I discovered an astounding statistic the other day. You know I often write blogs about tough, stubborn, gritty women who beat the odds, improvised, adapted, overcame and helped build the country we love. Well, the #1 most read blog I’ve written is, of course, about one of these women–one from the Revolutionary War. Over 15,000 hits! Hmmm. Maybe I’m writing in the wrong genre!
Anyway, if you haven’t yet, check out my take on identifying the heroic and mysterious Agent 355! What a woman. Let me know if you agree with my theory on who she was!
I have been pondering Pauline Cushman the last few days. Like so many of us, she started out in life with a burning passion to chase adventure. Unfortunately, she let the flame go out when life couldn’t keep delivering excitement and applause. She did not transition well from living in vivid color to fading away like an old photograph. But it was her choice.
Young Pauline was a woman of fire and drive. Born in 1833, she started acting sometime in the early 1850’s. Love and marriage pulled her away from the stage for a time, however. But when her husband, a volunteer in the Ohio 41st Infantry, died of dysentery, leaving her with two small children, she went back to the only profession she’d known.
While performing in Louisville in 1862, a Southern sympathizer offered her $300 to toast Jefferson Davis from the stage. Pauline not only saw the chance to make a substantial amount of cash, but also the opportunity to go on a patriotic adventure. She cleared the salute with the Union Provost Marshal, made the toast, and was promptly fired by the theater.
Opportunity quickly presented itself for Pauline to use her good looks and acting skills to spy for the north. While she was able to pass some information on to the Union, her career was short-lived. Pauline was arrested in Louisville by the Confederate General Braxton Bragg and sentenced to hang. Her time awaiting the sentence in a dark, damp cell took a serious toll on her health. Though Pauline escaped the gallows when the city fell to the Union (with only three days to go before her execution), her constitution never recovered.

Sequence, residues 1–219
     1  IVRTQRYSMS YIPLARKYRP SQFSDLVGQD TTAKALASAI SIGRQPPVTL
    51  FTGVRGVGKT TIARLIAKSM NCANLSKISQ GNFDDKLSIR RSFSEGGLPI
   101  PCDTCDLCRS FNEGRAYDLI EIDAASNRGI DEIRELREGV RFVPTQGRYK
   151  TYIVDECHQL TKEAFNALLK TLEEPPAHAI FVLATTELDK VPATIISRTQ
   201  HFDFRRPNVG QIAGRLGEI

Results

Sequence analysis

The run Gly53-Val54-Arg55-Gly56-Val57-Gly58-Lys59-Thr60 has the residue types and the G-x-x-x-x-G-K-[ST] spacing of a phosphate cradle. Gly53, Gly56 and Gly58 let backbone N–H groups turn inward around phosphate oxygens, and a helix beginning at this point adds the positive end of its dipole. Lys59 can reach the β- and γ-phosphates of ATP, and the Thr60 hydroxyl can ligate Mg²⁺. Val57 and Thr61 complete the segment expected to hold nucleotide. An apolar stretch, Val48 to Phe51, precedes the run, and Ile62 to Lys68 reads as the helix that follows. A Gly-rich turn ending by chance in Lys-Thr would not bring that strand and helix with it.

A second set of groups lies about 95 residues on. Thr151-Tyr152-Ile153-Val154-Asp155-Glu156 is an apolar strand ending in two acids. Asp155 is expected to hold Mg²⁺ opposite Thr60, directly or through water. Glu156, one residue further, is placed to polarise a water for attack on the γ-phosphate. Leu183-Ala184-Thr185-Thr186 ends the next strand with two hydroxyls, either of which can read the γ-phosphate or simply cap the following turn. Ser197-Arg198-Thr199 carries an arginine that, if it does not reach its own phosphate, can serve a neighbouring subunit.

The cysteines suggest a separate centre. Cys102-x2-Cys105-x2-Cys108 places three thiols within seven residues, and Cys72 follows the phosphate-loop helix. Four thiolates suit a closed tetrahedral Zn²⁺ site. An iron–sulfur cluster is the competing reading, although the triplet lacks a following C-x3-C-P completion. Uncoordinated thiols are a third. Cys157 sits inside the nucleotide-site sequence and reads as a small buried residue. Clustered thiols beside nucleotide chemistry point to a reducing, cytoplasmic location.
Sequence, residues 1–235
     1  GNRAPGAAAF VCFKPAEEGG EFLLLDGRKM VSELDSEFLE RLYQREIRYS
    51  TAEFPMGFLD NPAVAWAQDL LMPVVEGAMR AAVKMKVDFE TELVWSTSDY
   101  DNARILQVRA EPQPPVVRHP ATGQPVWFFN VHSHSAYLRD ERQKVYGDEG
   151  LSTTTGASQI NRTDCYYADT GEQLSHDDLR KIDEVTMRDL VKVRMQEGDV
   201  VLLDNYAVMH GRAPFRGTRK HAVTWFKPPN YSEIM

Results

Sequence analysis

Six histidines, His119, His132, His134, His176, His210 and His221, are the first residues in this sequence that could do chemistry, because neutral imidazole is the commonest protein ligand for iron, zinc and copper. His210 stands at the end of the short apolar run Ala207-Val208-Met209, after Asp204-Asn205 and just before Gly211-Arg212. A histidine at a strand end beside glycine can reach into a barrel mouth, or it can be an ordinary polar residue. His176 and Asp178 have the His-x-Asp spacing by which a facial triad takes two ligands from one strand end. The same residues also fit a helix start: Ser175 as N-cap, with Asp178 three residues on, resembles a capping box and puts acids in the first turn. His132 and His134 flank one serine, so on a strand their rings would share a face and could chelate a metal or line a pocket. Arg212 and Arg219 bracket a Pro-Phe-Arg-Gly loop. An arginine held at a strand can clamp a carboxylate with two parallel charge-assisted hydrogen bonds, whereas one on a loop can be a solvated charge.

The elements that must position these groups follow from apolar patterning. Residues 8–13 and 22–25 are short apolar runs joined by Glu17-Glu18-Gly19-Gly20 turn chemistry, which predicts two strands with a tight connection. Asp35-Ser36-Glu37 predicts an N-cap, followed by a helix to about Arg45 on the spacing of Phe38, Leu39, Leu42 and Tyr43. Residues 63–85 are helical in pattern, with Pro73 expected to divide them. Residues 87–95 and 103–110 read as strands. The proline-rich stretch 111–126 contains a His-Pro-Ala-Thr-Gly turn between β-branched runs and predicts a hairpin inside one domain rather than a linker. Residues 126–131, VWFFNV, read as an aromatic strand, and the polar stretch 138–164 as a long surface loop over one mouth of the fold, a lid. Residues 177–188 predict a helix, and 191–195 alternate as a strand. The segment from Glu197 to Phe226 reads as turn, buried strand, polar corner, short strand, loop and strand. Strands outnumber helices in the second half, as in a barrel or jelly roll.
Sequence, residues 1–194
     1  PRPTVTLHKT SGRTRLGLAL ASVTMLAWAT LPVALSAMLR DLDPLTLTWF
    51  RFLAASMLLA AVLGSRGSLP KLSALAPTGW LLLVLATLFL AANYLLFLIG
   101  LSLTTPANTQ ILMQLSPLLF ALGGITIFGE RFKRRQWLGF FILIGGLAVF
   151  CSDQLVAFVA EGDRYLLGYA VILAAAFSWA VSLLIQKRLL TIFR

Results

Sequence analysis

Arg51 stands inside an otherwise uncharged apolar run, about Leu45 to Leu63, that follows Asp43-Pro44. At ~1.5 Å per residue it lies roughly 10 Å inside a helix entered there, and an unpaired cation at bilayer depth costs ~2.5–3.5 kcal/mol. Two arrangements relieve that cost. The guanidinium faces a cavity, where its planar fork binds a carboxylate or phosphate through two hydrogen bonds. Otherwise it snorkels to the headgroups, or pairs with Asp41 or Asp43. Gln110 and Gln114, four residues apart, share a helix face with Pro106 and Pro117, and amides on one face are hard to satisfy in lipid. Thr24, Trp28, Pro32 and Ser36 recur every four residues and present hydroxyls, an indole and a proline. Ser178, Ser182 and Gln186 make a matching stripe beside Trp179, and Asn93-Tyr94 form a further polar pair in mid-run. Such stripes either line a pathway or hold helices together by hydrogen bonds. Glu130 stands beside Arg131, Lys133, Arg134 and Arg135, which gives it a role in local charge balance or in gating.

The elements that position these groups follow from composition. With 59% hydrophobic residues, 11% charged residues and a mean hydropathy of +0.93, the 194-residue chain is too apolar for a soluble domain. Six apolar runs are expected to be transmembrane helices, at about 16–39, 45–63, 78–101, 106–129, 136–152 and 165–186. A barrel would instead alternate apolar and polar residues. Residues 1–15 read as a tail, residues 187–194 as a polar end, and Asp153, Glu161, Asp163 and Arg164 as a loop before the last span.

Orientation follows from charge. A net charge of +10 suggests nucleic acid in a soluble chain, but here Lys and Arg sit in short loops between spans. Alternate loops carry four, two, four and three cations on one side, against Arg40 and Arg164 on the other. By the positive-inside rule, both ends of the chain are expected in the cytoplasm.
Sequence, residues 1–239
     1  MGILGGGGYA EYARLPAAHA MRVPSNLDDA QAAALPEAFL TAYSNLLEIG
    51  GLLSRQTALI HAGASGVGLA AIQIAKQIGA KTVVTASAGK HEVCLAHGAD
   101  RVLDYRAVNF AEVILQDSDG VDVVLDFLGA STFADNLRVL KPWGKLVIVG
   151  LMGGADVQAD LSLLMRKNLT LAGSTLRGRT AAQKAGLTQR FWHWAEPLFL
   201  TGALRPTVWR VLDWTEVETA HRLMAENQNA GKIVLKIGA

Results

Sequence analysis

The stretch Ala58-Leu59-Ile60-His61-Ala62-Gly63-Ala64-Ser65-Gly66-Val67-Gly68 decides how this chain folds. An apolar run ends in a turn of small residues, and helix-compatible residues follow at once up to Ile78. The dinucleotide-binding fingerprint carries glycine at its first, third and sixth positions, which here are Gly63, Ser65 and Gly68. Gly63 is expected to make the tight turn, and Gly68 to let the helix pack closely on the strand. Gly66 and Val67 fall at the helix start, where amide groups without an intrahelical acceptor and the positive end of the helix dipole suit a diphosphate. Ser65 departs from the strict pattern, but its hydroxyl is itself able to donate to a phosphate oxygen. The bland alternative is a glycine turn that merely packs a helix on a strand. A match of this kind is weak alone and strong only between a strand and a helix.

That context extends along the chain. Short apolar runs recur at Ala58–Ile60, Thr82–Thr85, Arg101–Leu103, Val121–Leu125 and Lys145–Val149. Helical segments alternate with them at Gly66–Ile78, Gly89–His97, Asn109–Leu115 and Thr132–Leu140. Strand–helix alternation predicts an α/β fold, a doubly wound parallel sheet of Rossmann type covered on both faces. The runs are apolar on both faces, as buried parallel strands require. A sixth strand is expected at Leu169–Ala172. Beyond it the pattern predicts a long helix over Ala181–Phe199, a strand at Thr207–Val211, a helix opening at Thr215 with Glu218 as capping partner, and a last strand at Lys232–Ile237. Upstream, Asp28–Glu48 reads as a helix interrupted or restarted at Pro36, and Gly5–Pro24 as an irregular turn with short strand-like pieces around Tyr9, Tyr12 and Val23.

Still, at the end of the war, her spirits were high and Pauline was the belle of the ball for her daring-do. For a time she toured the country sharing exciting stories about her days as a spy. President Lincoln even made her an honorary major, uniform and all. Eventually, she married again and returned to the theater. But the public had moved on and Pauline was a has-been before she was ever really a star. She divorced and re-married, but drug dependency, her fading star, and bouts of depression haunted her.
Pauline died alone of a drug overdose in a seedy boarding house in San Francisco. She was only sixty years old.
The Bible says we are called to such a time as this. When that time is done, we have to find joy in other things, not lament the loss of praise, adrenaline, or applause. I can’t help thinking that if Pauline had done that, she would have died surrounded by friends and family with a smile on her face.
Not every lady is A Lady in Defiance. But I believe how we wind up is our choice.
Copyright 2014 Heather Blanton